Abstract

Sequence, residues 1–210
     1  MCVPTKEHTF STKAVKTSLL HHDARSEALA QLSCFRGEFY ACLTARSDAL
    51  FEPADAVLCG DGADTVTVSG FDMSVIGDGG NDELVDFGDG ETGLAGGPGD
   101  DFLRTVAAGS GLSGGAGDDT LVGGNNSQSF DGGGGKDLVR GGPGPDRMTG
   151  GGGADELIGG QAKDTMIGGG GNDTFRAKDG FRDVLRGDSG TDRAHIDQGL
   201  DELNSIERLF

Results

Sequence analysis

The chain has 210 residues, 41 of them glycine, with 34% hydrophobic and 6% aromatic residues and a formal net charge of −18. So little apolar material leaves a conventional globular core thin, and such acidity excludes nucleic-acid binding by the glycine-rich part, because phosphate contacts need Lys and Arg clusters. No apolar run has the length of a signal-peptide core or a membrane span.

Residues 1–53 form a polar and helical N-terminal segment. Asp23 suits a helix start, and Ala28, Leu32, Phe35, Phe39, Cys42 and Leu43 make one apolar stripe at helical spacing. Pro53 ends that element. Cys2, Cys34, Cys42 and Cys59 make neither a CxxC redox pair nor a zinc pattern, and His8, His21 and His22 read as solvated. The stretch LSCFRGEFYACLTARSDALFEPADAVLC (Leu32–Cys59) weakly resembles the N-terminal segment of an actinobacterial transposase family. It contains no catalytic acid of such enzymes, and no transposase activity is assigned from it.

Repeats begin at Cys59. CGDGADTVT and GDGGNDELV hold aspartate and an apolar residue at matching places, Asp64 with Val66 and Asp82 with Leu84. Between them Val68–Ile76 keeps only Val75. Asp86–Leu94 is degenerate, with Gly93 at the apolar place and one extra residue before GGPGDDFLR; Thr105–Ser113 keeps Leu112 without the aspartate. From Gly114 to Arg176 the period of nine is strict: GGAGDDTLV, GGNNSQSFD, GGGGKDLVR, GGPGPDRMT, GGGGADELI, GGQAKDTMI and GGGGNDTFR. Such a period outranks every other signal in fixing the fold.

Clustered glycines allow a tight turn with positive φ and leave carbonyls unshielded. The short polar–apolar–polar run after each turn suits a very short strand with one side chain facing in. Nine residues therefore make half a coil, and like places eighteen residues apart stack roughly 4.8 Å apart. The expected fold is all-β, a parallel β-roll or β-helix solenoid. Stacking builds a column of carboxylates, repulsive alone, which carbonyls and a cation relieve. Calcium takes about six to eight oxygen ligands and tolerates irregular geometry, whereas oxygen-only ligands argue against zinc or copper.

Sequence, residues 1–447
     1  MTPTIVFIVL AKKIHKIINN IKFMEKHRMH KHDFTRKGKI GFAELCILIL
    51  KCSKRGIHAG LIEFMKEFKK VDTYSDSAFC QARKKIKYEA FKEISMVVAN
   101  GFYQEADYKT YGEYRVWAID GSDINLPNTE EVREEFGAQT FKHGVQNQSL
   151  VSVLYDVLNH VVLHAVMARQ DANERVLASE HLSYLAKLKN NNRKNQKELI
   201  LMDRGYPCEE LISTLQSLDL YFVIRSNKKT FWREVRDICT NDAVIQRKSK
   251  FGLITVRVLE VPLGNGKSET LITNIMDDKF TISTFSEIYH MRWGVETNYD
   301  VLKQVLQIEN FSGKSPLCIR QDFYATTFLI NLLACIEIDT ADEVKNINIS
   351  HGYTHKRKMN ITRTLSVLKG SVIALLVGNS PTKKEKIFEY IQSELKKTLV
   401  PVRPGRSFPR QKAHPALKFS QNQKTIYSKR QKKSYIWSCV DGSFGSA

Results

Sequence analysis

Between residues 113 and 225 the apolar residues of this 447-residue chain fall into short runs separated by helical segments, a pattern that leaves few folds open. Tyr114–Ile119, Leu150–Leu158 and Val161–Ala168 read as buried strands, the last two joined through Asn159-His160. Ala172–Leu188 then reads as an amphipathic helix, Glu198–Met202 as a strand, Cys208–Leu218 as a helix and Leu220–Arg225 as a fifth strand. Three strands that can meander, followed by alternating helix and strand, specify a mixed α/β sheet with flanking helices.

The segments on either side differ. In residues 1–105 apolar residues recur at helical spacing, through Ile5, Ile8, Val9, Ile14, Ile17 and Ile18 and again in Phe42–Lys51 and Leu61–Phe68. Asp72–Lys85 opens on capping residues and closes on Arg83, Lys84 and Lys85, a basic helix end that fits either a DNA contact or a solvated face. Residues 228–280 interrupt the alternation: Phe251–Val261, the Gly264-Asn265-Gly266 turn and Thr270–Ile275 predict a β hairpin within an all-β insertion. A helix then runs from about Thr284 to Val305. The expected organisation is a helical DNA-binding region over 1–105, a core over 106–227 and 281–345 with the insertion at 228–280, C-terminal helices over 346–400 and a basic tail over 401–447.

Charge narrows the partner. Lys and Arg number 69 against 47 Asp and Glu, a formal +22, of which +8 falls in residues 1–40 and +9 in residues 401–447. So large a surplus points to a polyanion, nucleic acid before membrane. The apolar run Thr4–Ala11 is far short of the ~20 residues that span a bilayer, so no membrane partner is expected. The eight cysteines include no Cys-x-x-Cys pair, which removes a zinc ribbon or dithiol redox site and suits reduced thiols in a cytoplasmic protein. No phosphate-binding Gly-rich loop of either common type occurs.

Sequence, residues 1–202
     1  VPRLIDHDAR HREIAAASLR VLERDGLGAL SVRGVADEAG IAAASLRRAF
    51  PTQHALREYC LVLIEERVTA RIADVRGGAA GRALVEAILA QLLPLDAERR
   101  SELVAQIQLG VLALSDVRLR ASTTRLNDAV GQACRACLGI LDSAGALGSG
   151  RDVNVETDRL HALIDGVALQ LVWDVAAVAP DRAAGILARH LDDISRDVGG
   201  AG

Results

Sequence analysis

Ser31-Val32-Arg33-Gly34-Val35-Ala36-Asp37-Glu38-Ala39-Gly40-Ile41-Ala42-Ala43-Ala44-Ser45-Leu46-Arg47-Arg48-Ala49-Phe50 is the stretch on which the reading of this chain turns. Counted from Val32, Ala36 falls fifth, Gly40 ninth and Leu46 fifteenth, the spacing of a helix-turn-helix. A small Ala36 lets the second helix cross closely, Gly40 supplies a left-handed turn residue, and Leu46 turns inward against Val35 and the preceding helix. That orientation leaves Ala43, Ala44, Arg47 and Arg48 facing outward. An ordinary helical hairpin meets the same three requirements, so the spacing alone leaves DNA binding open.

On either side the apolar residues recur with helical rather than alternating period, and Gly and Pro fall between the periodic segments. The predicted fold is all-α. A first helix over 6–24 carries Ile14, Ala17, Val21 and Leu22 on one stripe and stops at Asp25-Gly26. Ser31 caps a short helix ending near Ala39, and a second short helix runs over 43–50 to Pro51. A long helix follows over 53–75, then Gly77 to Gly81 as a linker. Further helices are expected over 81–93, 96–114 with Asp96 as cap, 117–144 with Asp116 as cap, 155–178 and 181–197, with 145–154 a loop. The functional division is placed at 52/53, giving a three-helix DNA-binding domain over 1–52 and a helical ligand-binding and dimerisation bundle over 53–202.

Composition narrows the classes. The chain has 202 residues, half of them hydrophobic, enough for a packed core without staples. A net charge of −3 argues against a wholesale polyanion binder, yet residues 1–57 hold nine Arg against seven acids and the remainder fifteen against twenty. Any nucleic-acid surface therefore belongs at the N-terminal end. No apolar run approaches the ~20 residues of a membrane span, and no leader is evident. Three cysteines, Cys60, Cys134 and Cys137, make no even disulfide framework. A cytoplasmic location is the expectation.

This case study of Scripture's intertextuality follows the route of LXX Hab 1:5 through the Acts of the Apostles, from Paul's citation of it in climaxing his inaugural (and programmatic) sermon (Acts 13:41), to its intra-/intertextual echo in Acts 15:3. Its function in Acts 13:41 underscores the redemptive importance of Paul's "report" of God's "work" among the Gentiles: to dispute the prophet's "report" (ἐκδιηγέομαι) is to reject God's bid to save God's people. When Paul's travel "report" (ἐκδιηγέομαι, 15:3) of his Gentile mission is again disputed by Jewish believers in Antioch (15:1) and Jerusalem (15:5), their eternal life is threatened according to biblical prophecy.

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